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Duncan Campbell-Smith’s authorised account is excellent, but focuses more on the bank’s colourful past than recent corporate failings
Owen Walker’s salutary tale about Britain’s best-known fund manager will invoke the ire of investors
Cutting tuition fees is no longer realistic, but there are other ways to better support vital courses
Lenders need to put public before private interest or remain a pariah industry
Review ‘completely missed the mark’ on preserving university research funding
The experience of Barclays suggests the bank may one day seek to rebuild a full service
First report on the UK’s post-school learning in half a century has wide implications
Augar review says government must close skills gaps and reduce tuition fees
Augar review expected to back greater support for vocational and technical training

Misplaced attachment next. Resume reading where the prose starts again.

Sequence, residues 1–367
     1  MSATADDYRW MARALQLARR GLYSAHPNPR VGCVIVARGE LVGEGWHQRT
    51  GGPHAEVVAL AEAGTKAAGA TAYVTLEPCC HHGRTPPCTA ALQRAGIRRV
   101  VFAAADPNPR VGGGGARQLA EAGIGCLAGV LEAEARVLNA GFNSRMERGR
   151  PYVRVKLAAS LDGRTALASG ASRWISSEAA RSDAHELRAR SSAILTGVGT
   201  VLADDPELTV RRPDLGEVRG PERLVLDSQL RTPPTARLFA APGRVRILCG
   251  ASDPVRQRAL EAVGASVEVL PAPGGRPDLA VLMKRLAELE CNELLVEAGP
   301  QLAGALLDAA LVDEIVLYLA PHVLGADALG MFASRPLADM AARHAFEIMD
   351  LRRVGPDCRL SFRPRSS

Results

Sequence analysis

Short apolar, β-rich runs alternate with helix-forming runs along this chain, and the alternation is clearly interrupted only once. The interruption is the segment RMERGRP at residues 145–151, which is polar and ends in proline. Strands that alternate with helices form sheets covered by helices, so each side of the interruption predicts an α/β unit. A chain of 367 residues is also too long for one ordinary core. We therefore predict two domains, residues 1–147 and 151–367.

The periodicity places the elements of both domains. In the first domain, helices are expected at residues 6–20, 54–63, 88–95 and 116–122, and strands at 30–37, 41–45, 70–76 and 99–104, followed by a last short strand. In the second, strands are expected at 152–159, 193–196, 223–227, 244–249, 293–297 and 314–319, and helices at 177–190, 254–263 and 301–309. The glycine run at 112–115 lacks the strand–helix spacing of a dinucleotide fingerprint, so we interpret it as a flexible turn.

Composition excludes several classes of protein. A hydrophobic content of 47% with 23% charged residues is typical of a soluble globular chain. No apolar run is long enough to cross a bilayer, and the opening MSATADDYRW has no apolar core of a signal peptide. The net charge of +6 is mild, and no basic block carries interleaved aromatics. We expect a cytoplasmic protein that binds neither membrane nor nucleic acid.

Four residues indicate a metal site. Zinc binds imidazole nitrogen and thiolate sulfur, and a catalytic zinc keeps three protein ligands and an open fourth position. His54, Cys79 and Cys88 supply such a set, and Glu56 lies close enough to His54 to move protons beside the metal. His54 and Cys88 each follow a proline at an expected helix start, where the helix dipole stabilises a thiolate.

Pressure grows on Student Loan Company to refocus on graduates’ expected repayments
Students must be protected if higher education providers go bust
Nigel Higgins takes over a bank torn over its mission and strategy
As UK prosecutors bring a new charge, the bank is in better shape than for years
It took the banking crisis of 2008 to expose the flaws of shareholder value
Europe’s new investment market rules will focus on the economics of paid-for analysis
We should look back to the 1980s and the dawn of its universal banking strategy
An elite that resists change takes false comfort from familiar faces
Protecting Charlotte Hogg seems a lapse in judgment for the Bank of England governor
Until new players find a compelling customer offer the sector’s oligopoly will persist
The bank is saying it is back in control of its business, writes Philip Augar
Thirty years after the shake-up, London is at another inflection point, writes Philip Augar
The public mood is clear — change has to happen, writes Philip Augar
Central banks came to the rescue during the financial crisis of 2007-08 — but were they also to blame for it?
A gulf has opened up between owners and other stakeholders, writes Philip Augar
Tougher action at the low-return investment arm would have been a better option, writes Philip Augar